I don’t know very much about rye whiskey and my experience of it is even smaller. I know that to be called rye the mash bill has to be at least 51% rye (analogous to bourbon’s 51% corn mash bill) but I’m not sure if there are more restrictions a la bourbon. I guess I could google it but I don’t want to give the impression that I am an active, resourceful sort. Indeed, I would not have made it in Park City, Utah in the 19th century. That’s a non-sequitur, you think, but the joke’s on you! High West is located in Park City, Utah, which I am assuming was settled in the 19th century (see above for my ambivalent relationship with the idea of googling to find things out).
This rye isn’t distilled there, however. I believe High West’s own distillate is still maturing. In the meantime they are bottling spirits that their website says they “found back East” . Doesn’t that sound nice? They “found it”. It’s like David Perkins was out for a walk through all of the American East and came upon barrels of Rye resting underneath a waterfall, guarded by an army of enlightened beavers who handed it over to him as they recognized that he was the guardian foretold in ancient beaver lore. Or perhaps he stole it and now an army of angry beaver warriors has sworn a blood feud against him and his descendants that only the One–born of beaver and woman–will be able to settle.
More likely it was purchased from an industrial distillery in Indiana, which is the unofficial home of American whiskey.
This particular rye is a blend of a 6 yo rye with a mash bill that was 95% rye and 5% barley, and a 16 yo with a mash bill that was 80% rye, 10% corn and 10% barley. (Okay, so I looked that up, what can I say, I am a complicated man). I am not sure where that falls in the spectrum of composition of contemporary ryes. Anyway, let’s get to it:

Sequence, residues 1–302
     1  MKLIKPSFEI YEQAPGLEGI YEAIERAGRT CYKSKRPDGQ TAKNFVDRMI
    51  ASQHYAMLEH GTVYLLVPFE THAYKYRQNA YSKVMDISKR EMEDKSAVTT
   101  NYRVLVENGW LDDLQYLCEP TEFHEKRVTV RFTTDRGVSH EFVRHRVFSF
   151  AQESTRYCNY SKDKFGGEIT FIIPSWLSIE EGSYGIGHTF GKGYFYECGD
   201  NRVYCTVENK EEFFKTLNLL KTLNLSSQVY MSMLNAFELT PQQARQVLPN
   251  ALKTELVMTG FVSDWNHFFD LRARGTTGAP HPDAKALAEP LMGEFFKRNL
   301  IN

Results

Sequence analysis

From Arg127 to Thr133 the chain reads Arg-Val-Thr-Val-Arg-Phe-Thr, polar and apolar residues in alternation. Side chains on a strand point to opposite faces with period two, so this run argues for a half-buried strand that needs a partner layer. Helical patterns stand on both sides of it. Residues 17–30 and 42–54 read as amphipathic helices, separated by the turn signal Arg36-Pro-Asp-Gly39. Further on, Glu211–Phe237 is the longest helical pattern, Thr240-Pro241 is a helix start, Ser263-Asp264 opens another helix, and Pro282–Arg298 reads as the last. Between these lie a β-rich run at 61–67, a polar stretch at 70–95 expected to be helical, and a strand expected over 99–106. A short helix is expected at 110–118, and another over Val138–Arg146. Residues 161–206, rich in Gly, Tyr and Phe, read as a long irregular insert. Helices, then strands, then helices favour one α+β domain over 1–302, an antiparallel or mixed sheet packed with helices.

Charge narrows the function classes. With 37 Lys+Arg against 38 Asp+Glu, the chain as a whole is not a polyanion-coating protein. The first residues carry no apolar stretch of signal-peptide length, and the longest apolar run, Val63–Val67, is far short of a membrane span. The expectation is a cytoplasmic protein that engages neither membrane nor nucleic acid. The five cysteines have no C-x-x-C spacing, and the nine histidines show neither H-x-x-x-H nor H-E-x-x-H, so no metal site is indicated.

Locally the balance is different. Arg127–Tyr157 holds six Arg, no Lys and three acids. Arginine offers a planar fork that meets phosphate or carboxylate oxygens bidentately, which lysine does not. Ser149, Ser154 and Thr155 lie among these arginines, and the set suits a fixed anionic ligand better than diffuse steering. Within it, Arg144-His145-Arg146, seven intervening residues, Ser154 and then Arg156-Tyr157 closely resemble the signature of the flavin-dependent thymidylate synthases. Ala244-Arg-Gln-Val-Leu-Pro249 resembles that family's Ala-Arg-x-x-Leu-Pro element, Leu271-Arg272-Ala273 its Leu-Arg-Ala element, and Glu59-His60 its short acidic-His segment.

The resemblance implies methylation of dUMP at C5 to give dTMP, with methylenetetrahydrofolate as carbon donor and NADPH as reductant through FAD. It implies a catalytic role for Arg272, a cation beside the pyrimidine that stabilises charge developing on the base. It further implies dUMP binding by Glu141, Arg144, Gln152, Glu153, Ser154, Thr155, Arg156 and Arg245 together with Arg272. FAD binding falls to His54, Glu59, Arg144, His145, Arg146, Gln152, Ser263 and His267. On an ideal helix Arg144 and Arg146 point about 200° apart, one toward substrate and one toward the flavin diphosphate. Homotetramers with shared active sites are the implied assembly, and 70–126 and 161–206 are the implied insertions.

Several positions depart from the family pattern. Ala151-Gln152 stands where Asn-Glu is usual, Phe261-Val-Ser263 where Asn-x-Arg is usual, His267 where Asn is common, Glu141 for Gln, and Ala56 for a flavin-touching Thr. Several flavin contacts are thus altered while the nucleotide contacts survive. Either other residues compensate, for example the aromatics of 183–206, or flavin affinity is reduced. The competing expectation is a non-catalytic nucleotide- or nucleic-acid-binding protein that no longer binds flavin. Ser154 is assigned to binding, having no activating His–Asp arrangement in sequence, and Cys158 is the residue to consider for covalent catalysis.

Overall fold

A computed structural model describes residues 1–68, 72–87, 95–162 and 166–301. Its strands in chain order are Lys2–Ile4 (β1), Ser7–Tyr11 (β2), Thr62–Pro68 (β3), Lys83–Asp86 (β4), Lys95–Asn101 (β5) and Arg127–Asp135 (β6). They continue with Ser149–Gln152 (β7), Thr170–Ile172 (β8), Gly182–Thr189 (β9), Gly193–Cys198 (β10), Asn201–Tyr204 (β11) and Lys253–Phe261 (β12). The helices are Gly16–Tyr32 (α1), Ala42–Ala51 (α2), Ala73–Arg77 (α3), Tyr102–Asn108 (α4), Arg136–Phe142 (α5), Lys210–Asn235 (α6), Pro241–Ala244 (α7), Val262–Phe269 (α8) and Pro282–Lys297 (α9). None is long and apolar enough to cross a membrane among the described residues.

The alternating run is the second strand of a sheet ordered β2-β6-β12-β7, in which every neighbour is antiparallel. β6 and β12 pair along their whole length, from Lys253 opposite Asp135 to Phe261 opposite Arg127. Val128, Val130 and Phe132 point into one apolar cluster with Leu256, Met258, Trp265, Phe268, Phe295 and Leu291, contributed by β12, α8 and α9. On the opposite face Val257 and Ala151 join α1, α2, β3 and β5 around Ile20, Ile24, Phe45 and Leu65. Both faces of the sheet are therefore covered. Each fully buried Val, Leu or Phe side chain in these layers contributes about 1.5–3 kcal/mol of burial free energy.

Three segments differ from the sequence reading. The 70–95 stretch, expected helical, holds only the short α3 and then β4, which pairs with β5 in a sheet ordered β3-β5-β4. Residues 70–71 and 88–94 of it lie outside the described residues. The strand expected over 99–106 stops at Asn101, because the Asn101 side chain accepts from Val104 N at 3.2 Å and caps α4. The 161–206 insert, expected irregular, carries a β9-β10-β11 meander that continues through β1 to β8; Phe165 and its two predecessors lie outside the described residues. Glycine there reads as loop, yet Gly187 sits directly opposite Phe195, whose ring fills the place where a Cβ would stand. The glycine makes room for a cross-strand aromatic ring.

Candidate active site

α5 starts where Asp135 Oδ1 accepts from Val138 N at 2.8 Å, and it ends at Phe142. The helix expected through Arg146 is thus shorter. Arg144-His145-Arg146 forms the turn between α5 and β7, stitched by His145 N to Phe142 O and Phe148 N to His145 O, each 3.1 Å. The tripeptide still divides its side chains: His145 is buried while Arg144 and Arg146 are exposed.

High West Rendezvous Rye (46%; from a sample received in a swap)
Nose: Well, this smells like rye (“Thanks for the insight!”, ed.); lots of mint as well and some pine resin, and just a hint of dill. Beneath that there is some toffee sweetness and some caramel. Quite mellow. After a while I get some clove oil and something rooty (reminiscent of some Indian herbal toothpastes). Hmmm, water intensifies and integrates the nose interestingly (try saying that three times fast). The pine comes to the fore after a bit.
Palate: Quite mellow on the palate as well. Bright and sharp (though not overbearing) notes of mint and pine, and some cinnamon “heat”. The darker sweet notes from the nose don’t appear at first. They don’t appear at second or third either, and, on the whole, there isn’t a terrible lot of development. Very little bite from the wood. The mouthfeel is a little thin. Water might be a bad idea but in the interest of science: on the palate water brings the mint and cinnamon to the fore.
Finish: Medium. Mostly minty and a little spicy. Water lengthens the finish but doesn’t draw out anything new.
Comments: This is very pleasant and approachable; better without water, in my opinion. Despite the very high rye content in both the mashbills this does not hit you over the top of the head with its ryeness. If this were Scotch I would feel comfortable asserting that the mellow quality comes from the older whiskey in the blend, but if there were a lot of it in there surely there’d be more wood influence? Or is rye not required to be aged in freshly charred oak the way bourbon is? Or is it the influence of the barley in the mashbill? I don’t know that I’d get a bottle for sipping–I’d probably be most likely to use it in a Manhattan.
Thanks to jsaliga for the sample!
Rating: 84 points.